Skip to comments.On St. Joan of Arc
Posted on 01/26/2011 9:48:20 PM PST by ELS
On St. Joan of Arc
"Joan's Judges ... Did Not Know They Were Condemning a Saint"
VATICAN CITY, JAN. 26, 2010 (Zenit.org).- Here is a translation of the address Benedict XVI gave today during the general audience in Paul VI Hall. He focused his reflection on the figure of St. Joan of Arc (1412-1431).
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Dear brothers and sisters,
Today I would like to speak to you about Joan of Arc, a young saint from the end of the Middle Ages, who died at age 19, in 1431. This French saint, quoted many times in the Catechism of the Catholic Church, is particularly close to St. Catherine of Siena, patroness of Italy and Europe, of whom I spoke in a recent catechesis. In fact they are two young women of the people, lay and consecrated in virginity, two committed mystics, not in a cloister, but in the midst of the most dramatic realities of the Church and of the world of their time. They are, perhaps, the most characteristic examples from among those "strong women" who, at the end of the Middle Ages, fearlessly took the great light of the Gospel to the complex vicissitudes of history.
We could place her next to the holy women who stayed on Calvary, close to Jesus crucified, and Mary, His mother, while the apostles fled and Peter himself denied Him three times.
In her times, the Church lived the profound crisis of the great Western schism, which lasted almost 40 years. When Catherine of Siena died, in 1380, there was a pope and an anti-pope. When Joan was born, in 1412, there was a pope and two anti-popes. In addition to this laceration within the Church, there were continuous fratricidal wars between the Christian peoples of Europe, the most tragic of which was the interminable 100 Years War between France and England.
Joan of Arc could not read or write, but she can be known in the depth of her soul thanks to two sources of exceptional historical value: the two trials she underwent. The first, the "Trial of Conviction," contains the transcription of the long and numerous interrogations of Joan during the last months of her life (February-May of 1431), and includes the words of the saint herself. The second, the "Trial of Nullity of the Sentence," or of "rehabilitation," contains the testimonies of close to 120 eye-witnesses from all the periods of her life (cf. Procès de Condamnation de Jeanne d'Arc, 3 vol. and Procès en Nullité de la Condamnation de Jeanne d'Arc, 5 vol., ed. Klincksieck, Paris l960-1989).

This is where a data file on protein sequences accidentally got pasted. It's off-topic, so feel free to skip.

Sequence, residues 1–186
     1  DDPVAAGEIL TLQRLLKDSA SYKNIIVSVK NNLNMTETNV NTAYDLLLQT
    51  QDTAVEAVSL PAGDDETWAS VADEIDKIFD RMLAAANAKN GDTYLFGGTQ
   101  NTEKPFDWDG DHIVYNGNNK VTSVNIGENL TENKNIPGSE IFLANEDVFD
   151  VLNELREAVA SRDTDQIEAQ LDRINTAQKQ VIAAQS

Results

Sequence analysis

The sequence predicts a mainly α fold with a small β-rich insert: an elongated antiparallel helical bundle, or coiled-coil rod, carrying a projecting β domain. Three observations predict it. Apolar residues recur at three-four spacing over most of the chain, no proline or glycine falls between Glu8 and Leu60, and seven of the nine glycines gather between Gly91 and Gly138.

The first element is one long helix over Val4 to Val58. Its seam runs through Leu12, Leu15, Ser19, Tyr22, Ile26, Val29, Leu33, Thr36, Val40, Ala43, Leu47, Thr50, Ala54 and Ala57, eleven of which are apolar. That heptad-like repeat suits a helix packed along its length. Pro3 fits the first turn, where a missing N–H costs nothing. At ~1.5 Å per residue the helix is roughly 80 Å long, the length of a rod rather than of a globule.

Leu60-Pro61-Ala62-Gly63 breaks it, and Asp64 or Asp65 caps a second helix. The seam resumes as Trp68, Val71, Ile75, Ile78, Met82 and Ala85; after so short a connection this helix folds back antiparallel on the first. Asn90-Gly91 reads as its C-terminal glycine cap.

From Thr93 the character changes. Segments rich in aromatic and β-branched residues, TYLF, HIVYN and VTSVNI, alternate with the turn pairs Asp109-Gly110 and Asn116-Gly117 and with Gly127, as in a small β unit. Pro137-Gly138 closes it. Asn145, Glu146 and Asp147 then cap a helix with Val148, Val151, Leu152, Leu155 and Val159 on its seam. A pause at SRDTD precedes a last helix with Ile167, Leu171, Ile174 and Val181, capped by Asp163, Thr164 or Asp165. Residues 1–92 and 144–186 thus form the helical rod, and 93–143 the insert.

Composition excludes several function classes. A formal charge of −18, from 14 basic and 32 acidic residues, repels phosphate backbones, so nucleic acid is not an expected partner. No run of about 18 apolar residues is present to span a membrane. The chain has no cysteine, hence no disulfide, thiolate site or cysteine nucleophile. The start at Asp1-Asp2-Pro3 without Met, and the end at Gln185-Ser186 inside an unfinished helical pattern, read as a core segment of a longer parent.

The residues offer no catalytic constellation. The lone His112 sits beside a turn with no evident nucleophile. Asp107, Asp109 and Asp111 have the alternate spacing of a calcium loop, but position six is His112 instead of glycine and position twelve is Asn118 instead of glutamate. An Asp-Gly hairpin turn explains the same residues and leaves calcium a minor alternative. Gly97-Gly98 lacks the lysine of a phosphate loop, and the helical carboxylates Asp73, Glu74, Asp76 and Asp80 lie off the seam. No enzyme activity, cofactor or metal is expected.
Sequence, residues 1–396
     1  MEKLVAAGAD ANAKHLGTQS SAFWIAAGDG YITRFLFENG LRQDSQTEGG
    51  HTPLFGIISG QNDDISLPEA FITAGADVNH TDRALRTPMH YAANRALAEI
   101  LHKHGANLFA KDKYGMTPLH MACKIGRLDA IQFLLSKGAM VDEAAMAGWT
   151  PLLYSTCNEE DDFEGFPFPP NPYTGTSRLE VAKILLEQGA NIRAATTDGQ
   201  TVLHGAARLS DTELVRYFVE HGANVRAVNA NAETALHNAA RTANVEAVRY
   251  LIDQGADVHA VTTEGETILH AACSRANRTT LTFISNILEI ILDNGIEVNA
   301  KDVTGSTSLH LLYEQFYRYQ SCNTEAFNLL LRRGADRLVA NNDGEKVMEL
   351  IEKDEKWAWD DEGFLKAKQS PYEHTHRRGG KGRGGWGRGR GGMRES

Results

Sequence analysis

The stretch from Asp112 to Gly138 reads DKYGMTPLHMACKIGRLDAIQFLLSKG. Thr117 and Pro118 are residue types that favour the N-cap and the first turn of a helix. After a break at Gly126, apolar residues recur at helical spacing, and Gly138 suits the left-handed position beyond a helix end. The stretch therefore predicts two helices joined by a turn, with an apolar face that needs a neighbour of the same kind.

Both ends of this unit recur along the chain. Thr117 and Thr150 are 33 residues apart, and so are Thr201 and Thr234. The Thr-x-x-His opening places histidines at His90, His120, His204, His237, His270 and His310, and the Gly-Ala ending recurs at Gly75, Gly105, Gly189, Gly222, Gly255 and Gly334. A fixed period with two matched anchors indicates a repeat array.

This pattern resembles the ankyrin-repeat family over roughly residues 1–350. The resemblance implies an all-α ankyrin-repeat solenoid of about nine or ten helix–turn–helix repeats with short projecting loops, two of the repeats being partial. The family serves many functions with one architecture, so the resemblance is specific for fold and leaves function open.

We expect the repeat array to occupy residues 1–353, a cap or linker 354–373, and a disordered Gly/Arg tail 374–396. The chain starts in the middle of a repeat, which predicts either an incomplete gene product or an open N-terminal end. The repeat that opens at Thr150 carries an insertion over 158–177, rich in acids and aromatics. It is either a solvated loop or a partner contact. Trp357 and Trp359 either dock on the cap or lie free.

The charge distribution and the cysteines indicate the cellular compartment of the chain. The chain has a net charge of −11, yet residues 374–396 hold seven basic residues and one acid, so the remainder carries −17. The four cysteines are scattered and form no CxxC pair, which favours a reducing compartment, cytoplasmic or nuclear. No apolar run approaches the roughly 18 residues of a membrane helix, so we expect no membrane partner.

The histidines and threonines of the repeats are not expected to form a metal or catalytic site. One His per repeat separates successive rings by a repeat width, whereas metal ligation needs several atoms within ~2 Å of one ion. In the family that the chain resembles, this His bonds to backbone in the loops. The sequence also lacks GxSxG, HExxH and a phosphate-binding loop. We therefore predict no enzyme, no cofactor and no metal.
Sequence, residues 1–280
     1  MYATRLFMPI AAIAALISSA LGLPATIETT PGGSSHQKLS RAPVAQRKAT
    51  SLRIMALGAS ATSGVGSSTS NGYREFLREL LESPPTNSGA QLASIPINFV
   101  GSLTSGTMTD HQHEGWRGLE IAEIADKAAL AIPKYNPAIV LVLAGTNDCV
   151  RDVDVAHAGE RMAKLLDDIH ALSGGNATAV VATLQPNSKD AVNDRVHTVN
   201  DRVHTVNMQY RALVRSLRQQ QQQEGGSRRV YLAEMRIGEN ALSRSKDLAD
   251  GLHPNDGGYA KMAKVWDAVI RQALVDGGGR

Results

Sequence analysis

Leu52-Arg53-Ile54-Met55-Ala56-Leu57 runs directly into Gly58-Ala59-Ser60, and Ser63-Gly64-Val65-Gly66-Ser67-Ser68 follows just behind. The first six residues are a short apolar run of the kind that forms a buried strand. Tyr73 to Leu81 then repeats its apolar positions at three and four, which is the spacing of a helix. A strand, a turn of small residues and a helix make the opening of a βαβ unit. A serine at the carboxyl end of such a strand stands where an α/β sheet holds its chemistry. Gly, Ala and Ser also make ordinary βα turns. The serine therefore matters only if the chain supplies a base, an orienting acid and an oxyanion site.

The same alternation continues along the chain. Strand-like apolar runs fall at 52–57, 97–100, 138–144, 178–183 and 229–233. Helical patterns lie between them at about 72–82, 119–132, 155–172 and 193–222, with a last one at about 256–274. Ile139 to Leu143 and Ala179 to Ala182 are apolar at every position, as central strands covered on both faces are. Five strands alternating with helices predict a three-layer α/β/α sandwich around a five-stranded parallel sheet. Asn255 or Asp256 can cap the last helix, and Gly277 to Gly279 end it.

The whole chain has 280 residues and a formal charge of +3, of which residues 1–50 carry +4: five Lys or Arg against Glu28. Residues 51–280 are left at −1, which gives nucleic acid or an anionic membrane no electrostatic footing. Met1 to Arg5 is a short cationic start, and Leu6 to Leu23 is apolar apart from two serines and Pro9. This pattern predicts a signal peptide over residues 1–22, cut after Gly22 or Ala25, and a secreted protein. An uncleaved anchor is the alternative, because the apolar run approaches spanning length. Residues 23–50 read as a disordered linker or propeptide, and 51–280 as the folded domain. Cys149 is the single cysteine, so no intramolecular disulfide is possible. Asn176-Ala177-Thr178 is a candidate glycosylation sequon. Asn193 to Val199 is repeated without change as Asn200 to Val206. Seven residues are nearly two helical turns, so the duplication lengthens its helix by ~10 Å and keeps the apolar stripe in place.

Joan was born in Domremy, a small village located on the border between France and Lorraine. Her parents were well-off farmers, known by everyone as very good Christians. From them she received a good religious education, with notable influence from the spirituality of the Name of Jesus, taught by St. Bernardine of Siena and spread in Europe by the Franciscans. To the Name of Jesus is always joined the Name of Mary and thus, in the framework of popular religiosity, Joan's spirituality was profoundly Christocentric and Marian. From her childhood, she showed great charity and compassion toward the poorest, the sick and all who suffered in the tragic context of the war.
From her own words, we know that Joan's religious life matured experientially beginning at the age of 13 (PCon, I, p. 47-48). Through the "voice" of the Archangel St. Michael, Joan felt called by the Lord to intensify her Christian life and also to commit herself personally to the liberation of her people. Her immediate response, her "yes," was the vow of virginity, with a new commitment to sacramental life and to prayer: daily attendance at Mass, frequent confession and Communion and long periods of silent prayer before the Crucified or before the image of the Virgin. The compassion and commitment of the young French peasant girl in face of the suffering of her people became more intense because of her mystical relationship with God. One of the most original aspects of the holiness of this young girl was precisely the connection between mystical experience and political mission.
After the years of hidden life and interior maturation, the brief but intense two-year period of her public life followed: a year of action and a year of passion.
At the beginning of the year 1429, Joan began her work of liberation. The numerous testimonies show us this young woman who was only 17 years old as a very strong and determined person, capable of convincing unsure and discouraged men. Overcoming all obstacles, she met with the dauphin of France, the future King Charles VII, who in Poitiers subjected her to an examination by some theologians of the university. Their judgment was positive: They did not see anything evil in her, [finding] only a good Christian.